Wall Street Journal, October 25, 2010
Cholera Toll Tops 250 in Haiti
The death toll from a cholera epidemic in Haiti topped 250 Sunday, and a handful of cases in the country’s capital were confirmed, as government officials and aid groups prepared for what they call an inevitable spread of the disease.
Six cases were confirmed in the Port-au-Prince area, said Ariel Henry, chief of staff at the Haitian Ministry of Health. All were travelers from the Artibonite Valley, a rural region north of the capital where the outbreak appears to have originated, so the new cases don’t indicate the disease is spreading to Port-au-Prince.
But Dr. Henry said he expected cholera would begin spreading to the city in the next week. “I have no doubt that it will arrive in Port-au-Prince, because people are moving a lot,” he said Sunday. “It will arrive during the next week probably.”
All told, he said about 253 deaths and 3,115 hospitalized cases were reported in the Artibonite Valley in the first major disease outbreak in the country since the Jan. 12 earthquake. Reports of suspected cases in the Artibonite, Port-au-Prince and elsewhere poured in over the weekend, including 45 ill in Arcahaie, between Port-au-Prince and the northwestern coastal city of St. Marc, where many of the cases have been reported.
Governments and humanitarian-aid organizations are deploying medical teams, supplies and clean water to treat the sick and to try to contain the outbreak. The Haitian government is preparing a health-education campaign to minimize the spread of the disease, Dr. Henry said.
Both Haitian officials and aid groups are most concerned about keeping cholera out of the squalid tent cities where more than 1.3 million displaced earthquake survivors are living around the capital. While those camps are supplied with clean water and sanitation, the massive numbers of people living in them stretch those systems.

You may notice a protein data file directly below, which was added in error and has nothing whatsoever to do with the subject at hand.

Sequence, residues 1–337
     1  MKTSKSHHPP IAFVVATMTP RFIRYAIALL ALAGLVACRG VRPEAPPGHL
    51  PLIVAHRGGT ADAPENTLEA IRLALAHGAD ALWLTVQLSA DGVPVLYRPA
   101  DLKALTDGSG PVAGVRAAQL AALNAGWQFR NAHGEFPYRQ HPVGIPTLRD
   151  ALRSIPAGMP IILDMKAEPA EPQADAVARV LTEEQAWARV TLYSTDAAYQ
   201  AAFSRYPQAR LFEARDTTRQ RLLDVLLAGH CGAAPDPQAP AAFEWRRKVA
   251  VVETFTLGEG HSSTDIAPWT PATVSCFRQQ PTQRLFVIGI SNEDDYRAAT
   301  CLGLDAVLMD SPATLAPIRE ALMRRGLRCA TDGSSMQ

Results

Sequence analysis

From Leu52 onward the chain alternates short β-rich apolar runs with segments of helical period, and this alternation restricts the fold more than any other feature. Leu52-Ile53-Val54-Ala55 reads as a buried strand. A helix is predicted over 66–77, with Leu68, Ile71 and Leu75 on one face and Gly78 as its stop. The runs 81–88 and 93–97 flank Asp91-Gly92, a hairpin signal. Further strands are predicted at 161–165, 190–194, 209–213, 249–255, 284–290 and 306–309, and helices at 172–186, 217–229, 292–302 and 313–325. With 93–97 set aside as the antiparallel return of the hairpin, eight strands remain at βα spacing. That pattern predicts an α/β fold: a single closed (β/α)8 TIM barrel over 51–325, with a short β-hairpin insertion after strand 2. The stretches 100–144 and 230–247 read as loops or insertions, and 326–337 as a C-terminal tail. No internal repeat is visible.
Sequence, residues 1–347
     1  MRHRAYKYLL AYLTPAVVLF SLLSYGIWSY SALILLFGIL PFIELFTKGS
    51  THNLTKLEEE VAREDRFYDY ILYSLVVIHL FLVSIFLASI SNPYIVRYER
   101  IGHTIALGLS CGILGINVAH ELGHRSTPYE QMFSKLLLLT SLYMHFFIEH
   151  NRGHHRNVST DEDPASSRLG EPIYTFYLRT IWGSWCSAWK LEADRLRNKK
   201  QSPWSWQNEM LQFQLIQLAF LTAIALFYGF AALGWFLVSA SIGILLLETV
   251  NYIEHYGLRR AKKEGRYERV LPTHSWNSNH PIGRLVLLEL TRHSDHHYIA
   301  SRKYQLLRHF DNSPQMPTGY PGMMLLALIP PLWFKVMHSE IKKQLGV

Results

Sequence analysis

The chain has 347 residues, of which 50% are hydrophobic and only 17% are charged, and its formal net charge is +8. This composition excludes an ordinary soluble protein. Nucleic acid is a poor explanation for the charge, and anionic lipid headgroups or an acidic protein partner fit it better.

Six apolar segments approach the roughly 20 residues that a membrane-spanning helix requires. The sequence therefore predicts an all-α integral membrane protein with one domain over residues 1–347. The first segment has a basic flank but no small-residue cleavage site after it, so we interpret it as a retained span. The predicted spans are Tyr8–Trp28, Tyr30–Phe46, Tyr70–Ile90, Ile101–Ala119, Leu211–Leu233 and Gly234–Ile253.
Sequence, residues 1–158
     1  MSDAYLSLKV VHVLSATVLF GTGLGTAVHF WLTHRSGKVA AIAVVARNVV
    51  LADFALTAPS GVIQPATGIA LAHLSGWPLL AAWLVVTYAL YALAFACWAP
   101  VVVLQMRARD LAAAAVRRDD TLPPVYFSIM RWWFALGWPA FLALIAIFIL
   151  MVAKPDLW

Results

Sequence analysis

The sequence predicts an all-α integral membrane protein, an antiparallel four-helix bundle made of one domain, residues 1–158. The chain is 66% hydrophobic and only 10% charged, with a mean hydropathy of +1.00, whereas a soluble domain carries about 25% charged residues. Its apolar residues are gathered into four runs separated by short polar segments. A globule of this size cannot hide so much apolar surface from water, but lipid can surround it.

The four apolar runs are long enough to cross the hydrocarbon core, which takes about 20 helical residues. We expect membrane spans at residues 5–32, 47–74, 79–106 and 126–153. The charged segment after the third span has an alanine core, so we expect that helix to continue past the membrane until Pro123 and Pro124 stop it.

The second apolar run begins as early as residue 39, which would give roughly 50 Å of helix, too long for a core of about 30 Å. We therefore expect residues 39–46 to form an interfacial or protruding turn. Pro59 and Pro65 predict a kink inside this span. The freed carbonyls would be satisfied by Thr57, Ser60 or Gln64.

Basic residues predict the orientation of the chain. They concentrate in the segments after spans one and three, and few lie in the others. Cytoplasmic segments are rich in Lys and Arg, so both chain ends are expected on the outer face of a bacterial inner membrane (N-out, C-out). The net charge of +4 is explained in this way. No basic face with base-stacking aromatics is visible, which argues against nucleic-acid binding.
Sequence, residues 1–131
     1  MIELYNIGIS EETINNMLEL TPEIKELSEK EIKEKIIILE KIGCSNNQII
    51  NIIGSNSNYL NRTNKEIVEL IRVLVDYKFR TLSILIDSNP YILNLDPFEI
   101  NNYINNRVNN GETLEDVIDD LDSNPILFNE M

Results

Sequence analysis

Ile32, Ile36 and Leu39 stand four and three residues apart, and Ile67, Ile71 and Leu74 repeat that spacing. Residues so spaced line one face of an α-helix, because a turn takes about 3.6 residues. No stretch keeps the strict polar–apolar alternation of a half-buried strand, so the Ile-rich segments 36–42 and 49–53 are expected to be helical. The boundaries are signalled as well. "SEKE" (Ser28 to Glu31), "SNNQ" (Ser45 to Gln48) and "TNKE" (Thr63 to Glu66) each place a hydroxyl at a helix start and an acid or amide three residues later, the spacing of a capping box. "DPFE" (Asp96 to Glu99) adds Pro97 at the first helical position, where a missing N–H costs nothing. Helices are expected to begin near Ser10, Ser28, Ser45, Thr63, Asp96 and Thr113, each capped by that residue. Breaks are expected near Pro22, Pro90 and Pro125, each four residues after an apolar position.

Cholera, an acute diarrheal disease caused by infection of the intestine with the bacterium vibrio cholerae, can be spread when food or water becomes contaminated by the feces of an infected person. It rarely spreads from person to person.
Health experts are trying to contain the spread of the disease by providing clean water to affected communities so that residents don’t drink from contaminated sources or use them to prepare food and wash. They are also urging people to wash their hands carefully.
In a statement Sunday, the organization Doctors Without Borders said it has treated some people in its Port-au-Prince facilities suffering from watery diarrhea, a cholera symptom.
“At this stage, cholera infection among the patients has not been confirmed,” it said. The organization stressed that diarrhea has been common since the earthquake. Still, it is preparing for potential cholera cases at its Port-au-Prince facilities.
Dr. Henry said the number of new cholera cases was beginning to slow Sunday.
There has been a slight decrease in the number of people coming in to the 200-bed St. Nicholas Hospital in St. Marc, which has borne the brunt of cases, according to Partners in Health, a Boston-based organization that has provided health care in Haiti for more than 20 years. “There has been a slight trend toward people in less severe stages of dehydration,” Chief Medical Officer Joia Mukherjee said. “To me that means our community-based strategy is working.”
The group is conducting a campaign to urge people to wash their hands regularly and take other preventive measures. Community health workers are looking for new cases, providing soap and urging people to wash their hands and drink only clean water, PIH said.